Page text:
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Masterclass the Lost River : Ryan Gosling talks about his first film

Ryan Gosling responds to questions from the press in the context of the release of his first film as director : the Lost River. You can also read the review here !

What is it that you want to make the achievement after a dazzling career as an actor ?

There is job security ! (laughter)

This is not really a choice if direct and spontaneous. It is actually strolling in Detroit, seeing the state of this city and its inhabitants that I felt a duty to testify.

You know, there are a lot of emotions palpable, it’s very addictive and sad to just “visit” Detroit. I have made a movie that I wanted, and a universal reflection of the state of mind of these families who decide to stay.

How you came up with the idea of making this film ? What was the creative process ?

I grew up in Canada with an idea very romantic in the United States, and especially Detroit because it is a neighboring city. This is also the image of the american dream. When I went there, later, I was very surprised because it was very far from what I had imagined.

It is necessary to see the miles of abandoned districts, and sometimes families, who were trying to hang on to their homes while the nearby houses were destroyed. I wanted to make a movie : the american dream turns into a nightmare for these people.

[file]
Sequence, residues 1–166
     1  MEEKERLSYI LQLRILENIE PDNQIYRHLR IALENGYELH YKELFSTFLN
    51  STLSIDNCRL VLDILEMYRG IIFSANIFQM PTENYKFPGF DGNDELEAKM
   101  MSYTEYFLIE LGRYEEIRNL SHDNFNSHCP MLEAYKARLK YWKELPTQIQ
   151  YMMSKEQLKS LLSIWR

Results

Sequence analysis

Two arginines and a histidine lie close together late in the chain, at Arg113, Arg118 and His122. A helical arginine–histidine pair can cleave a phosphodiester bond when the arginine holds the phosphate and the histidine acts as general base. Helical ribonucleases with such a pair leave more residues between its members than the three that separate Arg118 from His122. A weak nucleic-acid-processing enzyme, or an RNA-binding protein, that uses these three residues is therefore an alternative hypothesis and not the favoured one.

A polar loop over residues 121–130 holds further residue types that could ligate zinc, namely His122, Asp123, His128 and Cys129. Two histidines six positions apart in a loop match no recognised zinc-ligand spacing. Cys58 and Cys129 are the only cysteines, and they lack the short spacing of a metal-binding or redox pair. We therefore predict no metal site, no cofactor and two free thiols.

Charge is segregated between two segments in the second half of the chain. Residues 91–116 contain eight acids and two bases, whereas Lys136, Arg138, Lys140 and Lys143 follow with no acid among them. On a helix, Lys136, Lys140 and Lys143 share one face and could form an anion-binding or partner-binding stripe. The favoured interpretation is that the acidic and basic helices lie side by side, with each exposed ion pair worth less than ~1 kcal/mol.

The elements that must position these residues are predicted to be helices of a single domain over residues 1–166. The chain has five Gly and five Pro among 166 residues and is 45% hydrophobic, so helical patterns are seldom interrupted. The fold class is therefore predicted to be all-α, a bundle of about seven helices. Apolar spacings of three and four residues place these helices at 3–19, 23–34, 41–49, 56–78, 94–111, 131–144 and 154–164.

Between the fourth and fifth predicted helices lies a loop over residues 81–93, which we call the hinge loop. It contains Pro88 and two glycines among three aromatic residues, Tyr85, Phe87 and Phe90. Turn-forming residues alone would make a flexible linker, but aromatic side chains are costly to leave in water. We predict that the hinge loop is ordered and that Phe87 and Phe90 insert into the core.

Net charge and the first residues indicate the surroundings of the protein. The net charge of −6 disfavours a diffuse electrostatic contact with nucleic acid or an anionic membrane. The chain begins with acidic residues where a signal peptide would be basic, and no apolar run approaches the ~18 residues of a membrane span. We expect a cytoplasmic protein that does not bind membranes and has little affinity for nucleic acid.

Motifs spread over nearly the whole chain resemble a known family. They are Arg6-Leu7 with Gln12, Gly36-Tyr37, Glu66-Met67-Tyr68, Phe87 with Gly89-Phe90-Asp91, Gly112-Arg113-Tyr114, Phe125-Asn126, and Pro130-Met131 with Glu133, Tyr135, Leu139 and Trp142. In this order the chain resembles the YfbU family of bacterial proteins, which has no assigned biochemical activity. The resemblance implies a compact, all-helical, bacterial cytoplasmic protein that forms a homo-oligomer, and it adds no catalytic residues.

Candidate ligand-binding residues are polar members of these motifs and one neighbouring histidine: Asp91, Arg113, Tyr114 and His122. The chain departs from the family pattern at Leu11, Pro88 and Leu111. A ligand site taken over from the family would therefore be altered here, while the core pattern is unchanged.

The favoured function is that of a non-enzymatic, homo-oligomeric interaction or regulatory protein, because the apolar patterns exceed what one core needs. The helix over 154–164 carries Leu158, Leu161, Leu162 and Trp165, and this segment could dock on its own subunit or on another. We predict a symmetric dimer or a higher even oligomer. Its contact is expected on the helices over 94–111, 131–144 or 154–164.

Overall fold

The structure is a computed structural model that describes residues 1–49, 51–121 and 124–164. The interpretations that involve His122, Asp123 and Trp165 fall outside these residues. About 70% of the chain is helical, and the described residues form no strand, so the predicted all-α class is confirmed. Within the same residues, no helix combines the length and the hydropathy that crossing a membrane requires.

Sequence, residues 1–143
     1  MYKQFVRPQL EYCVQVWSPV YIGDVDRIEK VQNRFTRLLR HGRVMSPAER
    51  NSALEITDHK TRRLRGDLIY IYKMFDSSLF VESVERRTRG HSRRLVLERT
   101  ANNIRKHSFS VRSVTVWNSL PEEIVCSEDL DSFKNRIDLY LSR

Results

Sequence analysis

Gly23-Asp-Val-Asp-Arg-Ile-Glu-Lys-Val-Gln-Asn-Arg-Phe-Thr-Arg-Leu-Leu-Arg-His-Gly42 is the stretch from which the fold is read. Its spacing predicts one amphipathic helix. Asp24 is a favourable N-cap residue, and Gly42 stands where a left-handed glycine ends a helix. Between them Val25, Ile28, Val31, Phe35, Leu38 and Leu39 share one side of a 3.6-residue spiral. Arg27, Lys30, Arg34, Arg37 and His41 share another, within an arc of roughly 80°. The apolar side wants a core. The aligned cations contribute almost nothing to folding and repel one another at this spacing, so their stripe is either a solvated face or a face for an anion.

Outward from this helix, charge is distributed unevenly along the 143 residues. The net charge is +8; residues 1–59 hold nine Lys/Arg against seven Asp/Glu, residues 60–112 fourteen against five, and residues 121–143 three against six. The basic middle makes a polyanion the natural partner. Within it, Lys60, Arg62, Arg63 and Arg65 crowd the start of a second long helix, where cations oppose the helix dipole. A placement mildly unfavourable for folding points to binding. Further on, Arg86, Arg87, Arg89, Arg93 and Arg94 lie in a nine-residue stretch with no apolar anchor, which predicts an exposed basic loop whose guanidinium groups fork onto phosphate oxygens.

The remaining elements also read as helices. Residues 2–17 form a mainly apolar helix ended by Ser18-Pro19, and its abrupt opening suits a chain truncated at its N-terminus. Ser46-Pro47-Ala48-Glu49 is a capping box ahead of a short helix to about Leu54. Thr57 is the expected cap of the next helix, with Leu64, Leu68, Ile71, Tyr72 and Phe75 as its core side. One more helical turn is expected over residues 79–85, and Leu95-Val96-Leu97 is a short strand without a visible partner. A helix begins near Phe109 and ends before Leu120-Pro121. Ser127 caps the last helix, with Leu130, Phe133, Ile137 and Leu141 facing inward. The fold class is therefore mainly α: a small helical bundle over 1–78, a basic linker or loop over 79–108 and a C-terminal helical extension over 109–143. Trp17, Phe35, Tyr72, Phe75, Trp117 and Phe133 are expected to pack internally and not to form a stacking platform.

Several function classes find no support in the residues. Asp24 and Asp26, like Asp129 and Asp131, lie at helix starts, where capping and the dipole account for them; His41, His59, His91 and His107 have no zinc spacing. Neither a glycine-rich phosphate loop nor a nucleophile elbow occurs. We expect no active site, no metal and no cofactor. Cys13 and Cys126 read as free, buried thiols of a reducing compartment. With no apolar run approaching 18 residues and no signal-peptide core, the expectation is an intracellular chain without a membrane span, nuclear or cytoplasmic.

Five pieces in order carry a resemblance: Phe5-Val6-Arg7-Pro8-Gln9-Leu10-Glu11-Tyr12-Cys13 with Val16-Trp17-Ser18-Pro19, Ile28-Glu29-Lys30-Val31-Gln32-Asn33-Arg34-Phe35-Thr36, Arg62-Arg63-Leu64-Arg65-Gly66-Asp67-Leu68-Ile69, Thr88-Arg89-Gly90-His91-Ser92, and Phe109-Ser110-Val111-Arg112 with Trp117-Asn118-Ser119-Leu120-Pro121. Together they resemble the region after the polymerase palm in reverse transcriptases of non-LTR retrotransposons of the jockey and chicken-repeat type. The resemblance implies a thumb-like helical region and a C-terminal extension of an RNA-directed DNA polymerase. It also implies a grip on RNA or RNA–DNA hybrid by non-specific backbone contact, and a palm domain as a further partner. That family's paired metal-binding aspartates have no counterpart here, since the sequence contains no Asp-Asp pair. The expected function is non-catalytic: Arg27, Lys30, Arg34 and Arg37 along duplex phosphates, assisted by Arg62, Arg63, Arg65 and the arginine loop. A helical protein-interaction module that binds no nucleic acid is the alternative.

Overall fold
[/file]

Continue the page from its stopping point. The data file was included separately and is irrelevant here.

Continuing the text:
So I started filming only a year before any of Detroit is destroyed. I have accumulated a lot of videos and rush during the tracking process. I wrote the script as of my discovery of the city.

Where did you get the idea of the myth of the sunken city that we discover during the film ?

From my childhood ! The river near me was simply the result of the creation of a dam. It made me feel extremely afraid, because, after su, I realized that I had swam over the ruins of a city. I was so haunted that I refused to take baths for a few time !

Filming Detroit, I had this impression of immersion of people who have chosen to stay rooted in a city almost ghost. I decided to bring together these two worlds in my film.

In the Lost River, there are numerous references to fairy tales : names of typical characters (Rat, Bully, nasty…), curse on the city, big bad… Why have you chosen this particular form to talk about your dreams destroyed ?

You know, there’s something quite surreal that emerges from the people who live there. They seem to be the last survivors of the planet Earth… The atmosphere that emerges is very close to the fantasy or fairy tale. It is sometimes very difficult to believe what one sees. And the people of Detroit are trying to think that it is not an economic collapse but that it comes from elsewhere.

I didn’t want to make a specific movie in Detroit, but a universal story. I wanted to tell a story from the point of view of young teenagers who have a vision very romantic what could happen to their city. A sort of curse, which makes it something important, endearing, and against which they can find a solution by themselves to break the evil spell !

Lost River has a strong dreamlike dimension and style close to the fantastic cinema. Is this a style that you wanted printed right from the start or does it emerged during the shooting ?

Yes, I knew I wanted it marked the dimension of dream that turns into nightmare. The film is happy to straddle the line between Fantasy and reality without ever falling completely into the fantastic cinema.